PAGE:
From:
                                                           10/13/97 11:01 PM
Subject: MAX Digest - 12 Oct 1997 to 13 Oct
1997To: Recipients of MAX digests 

There is one message totalling 83 lines in this issue.

Topics of the day:

  1. sprintf

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Date:    Mon, 13 Oct 1997 13:04:20 -0700
From:    Peter Elsea 
Subject: sprintf

I've expounded on what I know about sprintf in the article Max&ASSCII,
available for download at ftp://arts.ucsc.edu/pub/ems. Here's an excerpt
that adresses John's question:

The help file and manual are not complete in their description of sprintf,
referring you  to "any standard C language reference", not a common item on
most coffee tables. Here's what the placeholders mean:

%ld or % d      Replace with an int and display as decimal. (Floats are
truncated.)
%x or % X       Replace with an int and display as hexadecimal.
%o      Replace with an int and display as octal. (There's one you don't
see much any more!)
%u      Replace with an int and display unsigned. (In theory, this should
let you display numbers larger than 2874836647, but it doesn't.)
%f      Replace with a float. The format %.2f will round the float to 2
decimal places.
%s      Replace with a symbol. The format %.2s will show the first 2
letters of the symbol.
%c      Replace with character.

There are other options in the C language printf, but they are not really
appropriate to Max and not implemented. (Or partially implemented- try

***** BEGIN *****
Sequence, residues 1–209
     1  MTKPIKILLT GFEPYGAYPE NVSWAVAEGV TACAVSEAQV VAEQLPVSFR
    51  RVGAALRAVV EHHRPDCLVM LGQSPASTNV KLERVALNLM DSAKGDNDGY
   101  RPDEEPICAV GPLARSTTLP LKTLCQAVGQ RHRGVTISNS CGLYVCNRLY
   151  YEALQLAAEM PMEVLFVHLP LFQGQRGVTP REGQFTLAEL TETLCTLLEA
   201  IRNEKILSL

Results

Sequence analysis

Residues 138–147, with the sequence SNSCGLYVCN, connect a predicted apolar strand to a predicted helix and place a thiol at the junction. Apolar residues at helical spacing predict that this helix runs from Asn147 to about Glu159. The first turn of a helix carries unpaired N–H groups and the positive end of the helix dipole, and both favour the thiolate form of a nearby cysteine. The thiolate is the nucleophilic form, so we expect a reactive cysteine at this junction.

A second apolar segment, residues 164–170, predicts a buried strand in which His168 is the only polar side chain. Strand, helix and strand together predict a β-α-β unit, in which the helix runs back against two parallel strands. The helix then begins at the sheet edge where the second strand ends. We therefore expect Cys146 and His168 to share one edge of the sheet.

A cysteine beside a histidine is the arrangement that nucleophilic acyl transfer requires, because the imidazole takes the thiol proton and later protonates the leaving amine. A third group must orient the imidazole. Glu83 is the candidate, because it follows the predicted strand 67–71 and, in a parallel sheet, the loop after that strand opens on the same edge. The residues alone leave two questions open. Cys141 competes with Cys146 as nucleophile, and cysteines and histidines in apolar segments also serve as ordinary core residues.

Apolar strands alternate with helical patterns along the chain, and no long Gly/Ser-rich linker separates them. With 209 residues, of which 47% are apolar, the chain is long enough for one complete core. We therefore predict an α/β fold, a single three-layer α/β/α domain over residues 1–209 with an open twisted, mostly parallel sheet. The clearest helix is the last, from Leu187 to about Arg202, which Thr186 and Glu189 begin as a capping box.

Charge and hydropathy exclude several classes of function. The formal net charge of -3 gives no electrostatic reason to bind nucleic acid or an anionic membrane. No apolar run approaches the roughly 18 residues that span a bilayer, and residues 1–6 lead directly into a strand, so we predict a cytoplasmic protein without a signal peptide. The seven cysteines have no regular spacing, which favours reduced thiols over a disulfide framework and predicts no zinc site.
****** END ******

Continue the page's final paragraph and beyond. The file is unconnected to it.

%05.5X) (A warning - C allows %* in some cases- that one will bomb.)

Here's a more complete description, cribbed from Harbison and Steele:
printf conversion specifications are  formated %[flag][field
width][precision][long size][conversion]
everything but the % and the conversion are optional.
Flags may be:
- left justify (Max left justifies anyway. Works on ints, suppressing
leading 0s)
0 use leading 0s
+ always show sign
[space] use leading spaces (won't work in Max)
# modifies some conversion operations (won't work in Max)

field width is the minimum number of places used. This should be padded
with spaces or 0s. The decimal or sign takes one of those places. In Max
this works only if leading 0  is specified and there are other characters
preceeding or following the number. (Option space will give you the look of
raw numbers) If there's no pad specified and the converted characters are
preceeded by something else, you may get a single space.  You can't specify
spaces as pad, because the parser uses spaces to seperate arguments and
generates error messages.

Precison is indicated with a dot, as .3. Precision rounds off floats. This
works right if the number is preceeded or followed by some other character
in the sprintf string- with the string %.2f", 1.234 is printed as 1.23, but
if there is nothing (or another convertable argument) after the f, you get
1.230000.   A # is supposed to show a decimal point when the precison is 0,
but this doesn't work. An * is supposed to give you a variable precison,
but that will bomb. With ints, precision will give you leading 0s if
necessary.

Long size is indicated with an l. This is important with big numbers
(>32767), because only 16 bits are converted when you leave it out.

There are many more conversion specifiers:
E or e will give you scientific notation.

You can use g for floats, but the precision is different. Instead of
rounding off to a fixed number of decimal places, you get scientific
precison-  0.0001 rounded off to 2 places is 0.00, with a precison of 2
it's 0.0001.

u is badly explained above (I'll fix that next edition). You get the true
value for negative numbers; -1 shows up as 65535 with u and 4294967295 with
lu. This can only be seen if the numbers are within a string. By themselves
you get 0 or 2147483747 for any negative number.

Peter Elsea
Electronic Music Studios
University of California, Santa Cruz
http://arts.ucsc.edu/EMS/Music/index.html
 elsea@cats.ucsc.edu

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End of MAX Digest - 12 Oct 1997 to 13 Oct 1997
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